Tax Haven Switzerland

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A tradition of banking privacy, stability and asset protection for Swiss bank account holders gained Switzerland its tax haven status. Largely due to Switzerland’s strategic location, hundreds of companies from Europe and North America have established regional headquarters and research/production bases in Switzerland. Switzerland is considered a developing free trade zone and competitive multicultural gateway in Europe.

Brief Country Overview

Tax haven Switzerland is found in central Europe with the France, Germany, Italy and Austria and Liechtenstein surrounding its western, northern, southern and eastern borders, respectively, reason why Switzerland is often described as a landlocked country. The Swiss Confederation, as it is officially known, is separated into 26 cantons or states, each of which enjoy a certain degree of autonomy, with Bern serving as the headquarters for federal authorities.

Geographically, tax haven Switzerland is diverse and has three principal regions, namely, the Alps, Jura and Plateau, which give the country its contrasting weather conditions, resembling those experienced in the Mediterranean and Siberia. Tax haven Switzerland existed as a federal state as early as 1848. The federal assembly elects the seven members who make up the government and serve terms as president of Switzerland. The democratic system is highly developed and heavily influenced by the people.

Switzerland’s central location, highly skilled and educated labour force, modern infrastructure and advanced fiscal regime enable companies to exercise competitive edge over companies worldwide. Tax haven Switzerland’s main exports include cheese, chocolate and watches as well as chemicals, electrical and mechanical engineering products which represent more than half of the items exported from Switzerland. Other contributors to the Swiss economy are tourism, consultancy and insurance services, which help total exported services and goods sum up to approximately USD 16,000 or CHF 25,000 per head per year, as reported by OSEC (Swiss Business Network), which assists small and medium enterprises (SMEs) from Liechtenstein and Switzerland to establish themselves in global markets through the promotion of Swiss export products. Some Swiss companies export at least 90% of their goods and services.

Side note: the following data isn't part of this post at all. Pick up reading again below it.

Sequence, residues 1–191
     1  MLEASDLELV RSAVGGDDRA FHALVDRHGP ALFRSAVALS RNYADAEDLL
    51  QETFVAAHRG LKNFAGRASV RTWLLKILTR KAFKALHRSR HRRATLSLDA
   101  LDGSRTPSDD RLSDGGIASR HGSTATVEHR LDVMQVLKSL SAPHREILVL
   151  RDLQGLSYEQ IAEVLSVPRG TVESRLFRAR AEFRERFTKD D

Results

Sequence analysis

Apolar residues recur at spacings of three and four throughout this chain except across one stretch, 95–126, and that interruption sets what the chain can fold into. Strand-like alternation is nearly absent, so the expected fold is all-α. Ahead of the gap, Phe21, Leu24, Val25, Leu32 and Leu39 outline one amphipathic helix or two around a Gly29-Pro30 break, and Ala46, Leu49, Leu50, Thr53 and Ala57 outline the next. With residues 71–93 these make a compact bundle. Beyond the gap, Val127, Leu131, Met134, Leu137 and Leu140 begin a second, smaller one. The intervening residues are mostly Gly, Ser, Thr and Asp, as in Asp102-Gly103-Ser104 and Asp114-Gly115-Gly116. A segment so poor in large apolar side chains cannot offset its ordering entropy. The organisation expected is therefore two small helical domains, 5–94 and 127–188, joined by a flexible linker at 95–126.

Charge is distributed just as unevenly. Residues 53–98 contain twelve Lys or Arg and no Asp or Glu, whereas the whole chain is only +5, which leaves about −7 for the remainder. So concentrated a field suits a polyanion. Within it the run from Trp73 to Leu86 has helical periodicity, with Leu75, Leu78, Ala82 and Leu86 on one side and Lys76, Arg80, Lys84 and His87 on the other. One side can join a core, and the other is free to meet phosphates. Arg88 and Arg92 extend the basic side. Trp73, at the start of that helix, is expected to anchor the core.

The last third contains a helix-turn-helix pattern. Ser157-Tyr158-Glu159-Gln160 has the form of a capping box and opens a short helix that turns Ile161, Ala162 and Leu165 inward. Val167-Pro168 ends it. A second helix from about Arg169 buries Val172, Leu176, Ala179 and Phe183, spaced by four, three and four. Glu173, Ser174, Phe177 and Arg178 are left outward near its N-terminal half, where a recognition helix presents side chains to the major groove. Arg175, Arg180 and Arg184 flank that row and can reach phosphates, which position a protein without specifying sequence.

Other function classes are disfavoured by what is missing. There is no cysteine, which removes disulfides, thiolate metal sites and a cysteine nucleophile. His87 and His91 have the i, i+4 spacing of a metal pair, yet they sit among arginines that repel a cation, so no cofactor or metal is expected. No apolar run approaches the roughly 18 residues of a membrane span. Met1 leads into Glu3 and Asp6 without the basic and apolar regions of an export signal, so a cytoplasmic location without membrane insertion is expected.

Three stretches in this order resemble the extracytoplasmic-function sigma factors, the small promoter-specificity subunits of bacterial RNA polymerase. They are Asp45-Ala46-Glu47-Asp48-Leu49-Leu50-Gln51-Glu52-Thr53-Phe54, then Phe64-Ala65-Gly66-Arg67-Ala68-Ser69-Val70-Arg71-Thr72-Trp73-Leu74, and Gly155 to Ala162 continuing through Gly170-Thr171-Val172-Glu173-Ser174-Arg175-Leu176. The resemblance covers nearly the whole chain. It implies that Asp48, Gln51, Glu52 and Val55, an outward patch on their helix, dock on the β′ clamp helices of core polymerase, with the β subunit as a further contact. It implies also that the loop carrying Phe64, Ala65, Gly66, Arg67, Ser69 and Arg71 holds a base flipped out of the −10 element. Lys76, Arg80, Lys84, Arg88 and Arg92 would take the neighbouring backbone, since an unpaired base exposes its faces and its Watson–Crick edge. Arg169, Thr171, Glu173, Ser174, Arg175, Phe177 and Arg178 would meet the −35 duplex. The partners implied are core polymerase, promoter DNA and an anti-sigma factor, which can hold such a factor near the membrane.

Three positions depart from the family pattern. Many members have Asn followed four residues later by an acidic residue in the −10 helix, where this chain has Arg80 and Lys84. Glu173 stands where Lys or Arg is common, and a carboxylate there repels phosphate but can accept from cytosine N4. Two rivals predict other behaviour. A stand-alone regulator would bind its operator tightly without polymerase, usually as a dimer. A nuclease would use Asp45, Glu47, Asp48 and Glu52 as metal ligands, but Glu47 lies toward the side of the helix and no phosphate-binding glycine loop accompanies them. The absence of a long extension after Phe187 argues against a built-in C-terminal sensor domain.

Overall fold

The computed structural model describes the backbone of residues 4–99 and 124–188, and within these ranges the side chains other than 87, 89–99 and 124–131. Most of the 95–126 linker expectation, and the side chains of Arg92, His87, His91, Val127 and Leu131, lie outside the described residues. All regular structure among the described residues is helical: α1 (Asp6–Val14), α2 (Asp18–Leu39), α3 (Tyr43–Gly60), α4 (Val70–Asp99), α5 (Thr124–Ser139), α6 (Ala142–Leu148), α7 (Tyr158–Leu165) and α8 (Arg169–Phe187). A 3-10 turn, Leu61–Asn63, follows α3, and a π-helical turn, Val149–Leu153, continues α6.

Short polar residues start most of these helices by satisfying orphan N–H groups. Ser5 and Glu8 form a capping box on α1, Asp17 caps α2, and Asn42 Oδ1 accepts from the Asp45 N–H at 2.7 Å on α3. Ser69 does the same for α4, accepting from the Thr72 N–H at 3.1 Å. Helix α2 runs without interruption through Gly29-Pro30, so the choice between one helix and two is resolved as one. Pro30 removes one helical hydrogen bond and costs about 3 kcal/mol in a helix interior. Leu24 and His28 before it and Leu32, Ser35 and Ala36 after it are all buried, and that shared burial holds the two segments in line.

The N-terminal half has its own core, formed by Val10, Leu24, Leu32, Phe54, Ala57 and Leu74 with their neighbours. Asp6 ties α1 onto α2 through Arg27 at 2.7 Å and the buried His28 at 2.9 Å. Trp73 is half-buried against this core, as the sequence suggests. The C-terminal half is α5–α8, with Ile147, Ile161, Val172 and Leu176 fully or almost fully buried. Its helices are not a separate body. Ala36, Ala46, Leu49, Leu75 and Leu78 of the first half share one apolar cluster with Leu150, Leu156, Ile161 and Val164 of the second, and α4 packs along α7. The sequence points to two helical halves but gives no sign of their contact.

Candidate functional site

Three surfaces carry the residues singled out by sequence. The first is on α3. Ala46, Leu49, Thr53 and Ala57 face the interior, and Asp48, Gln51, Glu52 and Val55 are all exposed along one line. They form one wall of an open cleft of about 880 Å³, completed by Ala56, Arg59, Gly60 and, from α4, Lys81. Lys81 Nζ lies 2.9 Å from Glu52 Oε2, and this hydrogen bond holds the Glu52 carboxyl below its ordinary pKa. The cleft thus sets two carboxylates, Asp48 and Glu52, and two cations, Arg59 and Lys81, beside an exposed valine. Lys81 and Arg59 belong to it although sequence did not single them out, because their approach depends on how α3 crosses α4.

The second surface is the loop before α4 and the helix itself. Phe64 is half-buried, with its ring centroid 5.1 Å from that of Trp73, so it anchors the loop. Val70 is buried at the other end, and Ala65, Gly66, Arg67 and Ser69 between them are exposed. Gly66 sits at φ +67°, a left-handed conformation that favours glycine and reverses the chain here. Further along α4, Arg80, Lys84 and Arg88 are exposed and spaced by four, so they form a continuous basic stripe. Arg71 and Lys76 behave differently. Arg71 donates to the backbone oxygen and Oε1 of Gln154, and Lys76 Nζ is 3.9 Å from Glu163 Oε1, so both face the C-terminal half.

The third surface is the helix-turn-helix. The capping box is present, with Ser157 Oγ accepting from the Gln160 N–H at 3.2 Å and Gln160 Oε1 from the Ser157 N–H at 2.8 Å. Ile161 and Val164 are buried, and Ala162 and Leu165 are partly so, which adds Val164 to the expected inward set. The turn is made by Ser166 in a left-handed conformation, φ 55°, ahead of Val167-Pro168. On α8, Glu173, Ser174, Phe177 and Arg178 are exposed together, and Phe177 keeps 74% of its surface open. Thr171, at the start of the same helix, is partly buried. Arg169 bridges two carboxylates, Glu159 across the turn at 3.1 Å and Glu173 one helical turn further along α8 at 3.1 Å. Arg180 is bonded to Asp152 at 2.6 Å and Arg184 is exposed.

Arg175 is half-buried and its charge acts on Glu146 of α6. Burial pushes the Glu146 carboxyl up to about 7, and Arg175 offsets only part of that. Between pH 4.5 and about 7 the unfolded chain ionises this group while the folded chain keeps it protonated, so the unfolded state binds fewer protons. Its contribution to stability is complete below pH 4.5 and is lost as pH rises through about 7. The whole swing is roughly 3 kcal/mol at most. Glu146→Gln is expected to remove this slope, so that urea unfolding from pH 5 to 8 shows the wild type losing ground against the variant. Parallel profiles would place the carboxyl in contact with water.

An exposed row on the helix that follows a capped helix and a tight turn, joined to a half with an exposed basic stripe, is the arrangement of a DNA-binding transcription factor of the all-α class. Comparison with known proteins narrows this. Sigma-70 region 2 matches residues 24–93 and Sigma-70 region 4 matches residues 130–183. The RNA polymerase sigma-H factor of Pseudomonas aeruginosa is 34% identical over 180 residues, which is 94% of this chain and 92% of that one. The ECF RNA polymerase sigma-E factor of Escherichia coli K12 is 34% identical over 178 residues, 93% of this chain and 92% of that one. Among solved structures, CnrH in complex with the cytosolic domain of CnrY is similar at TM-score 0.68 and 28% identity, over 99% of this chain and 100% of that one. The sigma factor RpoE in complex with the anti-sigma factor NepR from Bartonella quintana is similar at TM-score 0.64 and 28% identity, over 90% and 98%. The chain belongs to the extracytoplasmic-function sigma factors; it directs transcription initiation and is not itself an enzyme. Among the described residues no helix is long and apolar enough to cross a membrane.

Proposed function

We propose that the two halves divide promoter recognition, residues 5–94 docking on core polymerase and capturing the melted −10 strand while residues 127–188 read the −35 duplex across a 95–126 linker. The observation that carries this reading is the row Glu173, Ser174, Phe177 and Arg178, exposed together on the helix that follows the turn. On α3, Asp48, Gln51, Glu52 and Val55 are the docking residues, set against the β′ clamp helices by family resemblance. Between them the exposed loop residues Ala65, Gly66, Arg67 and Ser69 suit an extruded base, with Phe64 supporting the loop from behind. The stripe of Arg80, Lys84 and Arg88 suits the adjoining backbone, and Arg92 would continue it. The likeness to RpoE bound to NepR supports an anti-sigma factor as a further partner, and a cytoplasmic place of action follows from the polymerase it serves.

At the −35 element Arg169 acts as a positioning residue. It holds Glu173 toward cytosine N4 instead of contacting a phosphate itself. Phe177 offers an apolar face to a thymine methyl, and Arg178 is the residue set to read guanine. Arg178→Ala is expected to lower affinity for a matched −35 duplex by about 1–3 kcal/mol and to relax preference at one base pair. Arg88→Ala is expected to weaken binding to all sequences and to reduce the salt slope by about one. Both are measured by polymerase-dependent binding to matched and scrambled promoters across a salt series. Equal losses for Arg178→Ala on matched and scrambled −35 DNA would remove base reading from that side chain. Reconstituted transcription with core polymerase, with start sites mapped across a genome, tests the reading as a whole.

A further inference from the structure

Switzerland Fiscal Advantages and Incentives

As a tax haven and international business center, Switzerland offers numerous advantages as follows:

  • Favorable regulatory framework
  • Friendly corporate laws
  • Efficient, uncomplicated system for setting up companies
  • High level of multicultural integration
  • Strong relationship with Europe
  • Moderate taxation
  • Advanced infrastructure
  • Top class system of education
  • Leading industrial sectors
  • Institutionalized professional support for new and incoming businessmen

Swiss Financial Services

Tax haven Switzerland offers a wide variety of offshore and financial services, which are made possible by the Swiss Constitution in accordance with its policy to create economic freedom within the Swiss economy. Under the Constitution, foreign and Swiss nationals are able to form companies in Switzerland. Foreign nationals can form unincorporated companies and are not required to submit annual reports operating figures when setting up a company.

  • Offshore Banking
  • Insurance services
  • Formation of strategic alliance with or without equity interest
  • Establishing incorporated or unincorporated companies
  • Acquisition of existing companies
  • Forming joint ventures
  • Securities dealers
  • Collective Mortgage Schemes
  • Mortgage bond companies
  • Stock exchanges and markets
  • Auditing firms
  • Fiduciary services

Tax haven Swiss allows for the formation the following legal entities:

  • Unincorporated partnership-type companies (partnerships: sole, general and limited)
  • Limited partnership for collective investment
  • Incorporated capital-based companies (GmbH/limited liability company, AG/stock corporation)
  • Legal entities such as branch offices, joint ventures and alliances

Swiss Offshore Legislative Framework

  • The Administrative Procedure Act
  • Loi sur les Banques et les Caisses d’Epargne - The Banking Act 1934
  • Loi sur les bourses, LBVM - Stock Exchange Act 1995

Swiss Federal Banking Commission (SFBC)

The Swiss Federal Banking Commission is an independent body responsible for supervising certain sectors within the financial sector. The SFBC forms part of the federal Department of Finance but is not administered by central government or the Federal Council. Initially, the SFBC had the task of supervising banks, but its tasks were broadened to include the supervision of other areas of the financial sector such as securities dealers, audit firms, investment companies, fund management companies, limited partnerships for collective investments, stock exchanges and markets, and asset managers. The general objectives of the SFBC are geared towards guaranteeing the functionality of securities markets, maintaining proper functioning of the financial sector, and protecting investors and creditors.

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